EMMETSBURG, Iowa (KCAU) — It’s harvest time on the Kibbie farm near Emmetsburg. Another growing season is coming to an end. Nurturing a crop is something Joel Kibbie, 27, has been doing for as long as he can remember.

“My mom would always have a flower garden and I’d pull out a couple flowers and make my own area and plant seeds found in the cupboard,” said Kibbie.

The harvest includes traditional crops like corn and soybeans and for the last six years, something with a little more girth.

Giant pumpkins.

“2016 was my first year and I grew a 315 lb pumpkin. As a kid, I thought that was amazing. When I first started, I didn’t know what I was doing. I didn’t know how to fertilize, so I dumped cattle manure on it. That got toxic, but I still got a 315 lb pumpkin out of it,” said Kibbie.

Over the years, Kibbie has figured out how best to grow a gourd.

“Every year, I learn more and more about it. There’s a science to it. You got to worry about the soil, the fertility, the microbes, making sure everything is healthy. After transplanting the pumpkin outside, the plant will grow into July before starting pollinating. After the plant is 15 feet long, that’s when you pollinate the pumpkin 70-100 days when we pick the pumpkin,” said Kibbie.

Kibbie’s creations tipped the scale at more than 600 and 700 pounds winning awards and praise along the way. Then in September, the biggest prize of all: accolades he never saw coming, but will surely will cherish for the rest of his life.

“At the Clay County Fair, I won first place. They wrote Joel Kibbie 682 pounds, Emmetsburg Iowa,” said Kibbie.

“My nephew and I were just walking around and he actually asked me, ‘How do they get them this big?’ I said, ‘I don’t know,'” said Katie Kibbie.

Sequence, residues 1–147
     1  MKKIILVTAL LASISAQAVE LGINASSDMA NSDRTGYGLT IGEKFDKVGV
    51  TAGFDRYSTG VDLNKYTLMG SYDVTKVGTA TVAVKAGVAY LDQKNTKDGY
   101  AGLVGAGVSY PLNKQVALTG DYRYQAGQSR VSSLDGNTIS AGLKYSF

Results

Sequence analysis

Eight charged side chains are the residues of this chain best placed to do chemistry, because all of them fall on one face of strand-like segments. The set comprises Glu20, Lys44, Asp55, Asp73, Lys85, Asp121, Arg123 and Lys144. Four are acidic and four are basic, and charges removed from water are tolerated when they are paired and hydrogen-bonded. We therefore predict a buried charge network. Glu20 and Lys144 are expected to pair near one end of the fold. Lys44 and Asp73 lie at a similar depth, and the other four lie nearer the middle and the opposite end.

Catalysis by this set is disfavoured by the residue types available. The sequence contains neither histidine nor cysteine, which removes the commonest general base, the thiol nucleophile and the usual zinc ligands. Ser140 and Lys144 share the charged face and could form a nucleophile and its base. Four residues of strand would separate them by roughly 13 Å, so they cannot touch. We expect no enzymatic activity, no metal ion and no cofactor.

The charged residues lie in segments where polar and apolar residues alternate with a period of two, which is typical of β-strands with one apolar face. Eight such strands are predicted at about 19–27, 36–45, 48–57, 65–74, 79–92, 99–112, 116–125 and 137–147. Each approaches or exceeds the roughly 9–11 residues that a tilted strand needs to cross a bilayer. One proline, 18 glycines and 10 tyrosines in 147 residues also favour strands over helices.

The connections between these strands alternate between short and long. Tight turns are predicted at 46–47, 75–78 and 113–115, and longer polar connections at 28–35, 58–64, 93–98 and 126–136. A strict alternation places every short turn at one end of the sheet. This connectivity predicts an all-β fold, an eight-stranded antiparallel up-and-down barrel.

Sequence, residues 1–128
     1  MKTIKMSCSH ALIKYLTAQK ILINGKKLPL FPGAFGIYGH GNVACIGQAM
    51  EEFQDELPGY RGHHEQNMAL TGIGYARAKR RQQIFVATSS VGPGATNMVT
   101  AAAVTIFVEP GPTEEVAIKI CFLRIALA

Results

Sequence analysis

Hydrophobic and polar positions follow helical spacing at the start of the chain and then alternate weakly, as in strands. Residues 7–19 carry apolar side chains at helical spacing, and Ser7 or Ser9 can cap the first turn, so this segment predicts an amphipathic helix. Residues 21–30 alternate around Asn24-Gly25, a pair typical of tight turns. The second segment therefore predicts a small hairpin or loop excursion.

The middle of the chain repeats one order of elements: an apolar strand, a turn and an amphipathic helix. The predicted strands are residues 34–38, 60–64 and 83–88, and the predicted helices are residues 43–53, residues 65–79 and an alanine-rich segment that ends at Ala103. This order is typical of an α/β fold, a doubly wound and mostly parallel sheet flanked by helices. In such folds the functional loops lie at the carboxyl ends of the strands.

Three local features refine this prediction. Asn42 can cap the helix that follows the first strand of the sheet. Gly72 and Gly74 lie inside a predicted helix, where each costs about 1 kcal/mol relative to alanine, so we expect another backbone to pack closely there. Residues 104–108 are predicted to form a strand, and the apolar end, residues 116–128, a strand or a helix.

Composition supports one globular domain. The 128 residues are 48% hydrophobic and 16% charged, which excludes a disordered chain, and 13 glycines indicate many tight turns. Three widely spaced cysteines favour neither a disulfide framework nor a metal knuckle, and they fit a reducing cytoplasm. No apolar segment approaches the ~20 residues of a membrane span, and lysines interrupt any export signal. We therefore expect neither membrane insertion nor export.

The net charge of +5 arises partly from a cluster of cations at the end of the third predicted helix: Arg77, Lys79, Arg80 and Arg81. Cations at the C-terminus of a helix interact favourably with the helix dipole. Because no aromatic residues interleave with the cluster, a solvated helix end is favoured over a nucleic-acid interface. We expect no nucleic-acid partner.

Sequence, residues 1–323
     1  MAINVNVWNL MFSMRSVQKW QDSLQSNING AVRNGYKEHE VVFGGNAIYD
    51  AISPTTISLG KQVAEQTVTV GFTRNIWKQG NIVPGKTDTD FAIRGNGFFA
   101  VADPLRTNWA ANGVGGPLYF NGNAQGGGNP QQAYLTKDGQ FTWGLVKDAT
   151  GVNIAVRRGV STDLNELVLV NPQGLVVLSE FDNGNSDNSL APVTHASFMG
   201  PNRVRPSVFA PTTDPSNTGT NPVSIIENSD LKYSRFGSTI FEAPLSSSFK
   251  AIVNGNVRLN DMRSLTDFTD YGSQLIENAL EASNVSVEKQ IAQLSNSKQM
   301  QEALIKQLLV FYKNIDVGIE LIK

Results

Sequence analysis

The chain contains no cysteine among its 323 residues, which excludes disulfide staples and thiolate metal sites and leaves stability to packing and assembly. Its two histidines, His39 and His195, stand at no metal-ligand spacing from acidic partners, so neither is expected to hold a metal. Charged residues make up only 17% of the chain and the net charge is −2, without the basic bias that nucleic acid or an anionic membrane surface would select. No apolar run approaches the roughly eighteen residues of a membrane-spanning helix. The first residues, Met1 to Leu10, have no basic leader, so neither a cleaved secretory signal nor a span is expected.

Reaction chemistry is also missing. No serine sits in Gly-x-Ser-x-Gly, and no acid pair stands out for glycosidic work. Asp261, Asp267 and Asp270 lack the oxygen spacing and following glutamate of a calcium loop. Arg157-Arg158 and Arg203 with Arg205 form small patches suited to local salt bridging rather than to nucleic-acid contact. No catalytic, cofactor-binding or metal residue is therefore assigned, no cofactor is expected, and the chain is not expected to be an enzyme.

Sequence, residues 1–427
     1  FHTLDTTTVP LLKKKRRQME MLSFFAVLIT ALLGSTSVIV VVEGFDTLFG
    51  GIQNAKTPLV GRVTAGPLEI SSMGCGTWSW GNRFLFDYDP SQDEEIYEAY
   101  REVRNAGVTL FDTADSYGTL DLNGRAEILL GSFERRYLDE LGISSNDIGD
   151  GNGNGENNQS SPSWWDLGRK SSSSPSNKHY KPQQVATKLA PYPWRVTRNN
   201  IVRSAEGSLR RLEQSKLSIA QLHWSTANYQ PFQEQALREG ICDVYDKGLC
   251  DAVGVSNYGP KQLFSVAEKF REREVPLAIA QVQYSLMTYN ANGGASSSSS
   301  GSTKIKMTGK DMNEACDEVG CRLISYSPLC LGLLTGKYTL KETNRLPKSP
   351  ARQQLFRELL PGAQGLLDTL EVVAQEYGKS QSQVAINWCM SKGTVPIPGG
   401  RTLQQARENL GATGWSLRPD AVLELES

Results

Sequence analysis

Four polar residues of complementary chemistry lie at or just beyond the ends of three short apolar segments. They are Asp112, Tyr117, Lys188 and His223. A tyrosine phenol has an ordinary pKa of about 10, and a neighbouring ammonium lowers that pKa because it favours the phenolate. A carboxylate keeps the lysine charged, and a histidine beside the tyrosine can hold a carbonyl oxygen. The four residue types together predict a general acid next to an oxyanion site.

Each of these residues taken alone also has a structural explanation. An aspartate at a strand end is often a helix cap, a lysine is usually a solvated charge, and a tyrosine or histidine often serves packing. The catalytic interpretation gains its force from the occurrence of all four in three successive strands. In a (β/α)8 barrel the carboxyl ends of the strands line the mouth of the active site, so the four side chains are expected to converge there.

Little did Katie’s nephew know, his simple question packed the power of Cupid’s arrow.

“She was walking by and happened to see and was wondering how it got that big. Had my name on the pumpkin and she messages me on Facebook and the rest is history,” said Joel.

That September 2021 chance meeting over a pumpkin led to a lakeside marriage a year later.

“It wasn’t my intention to find somebody. I was just curious and we continued to talk about growing pumpkins and gardening,” said Katie.

“I never thought I’d get a girlfriend or wife, finance because of growing giant pumpkins, but it worked out that way. It’s crazy, I never thought that would happen. Just brought my pumpkin there to win first place and came home with a girlfriend. So, if anyone wants giant pumpkin seeds, I can hand them out if they want to have a chance of getting a significant other,” said Joel.

The Kibbies just recently wrapped up the 2022 show season together, taking 11th place with a 604 lb pumpkin at the Anamosa Pumpkin Festival. Their sights set on many happy pumpkin planting years to come.

“He got my dad involved, it’s been fun to bond over,” said Katie.

“The goal is to get over 1,000 pounds and I think it could happen next year,” Joel said.

As any good son-in-law would do, Joel is now sharing his pumpkin prowess with his wife’s family. At the 2022 Clay County Fair Pumpkin Contest, Joel placed in second and his father-in-law first with a 570 lb pumpkin.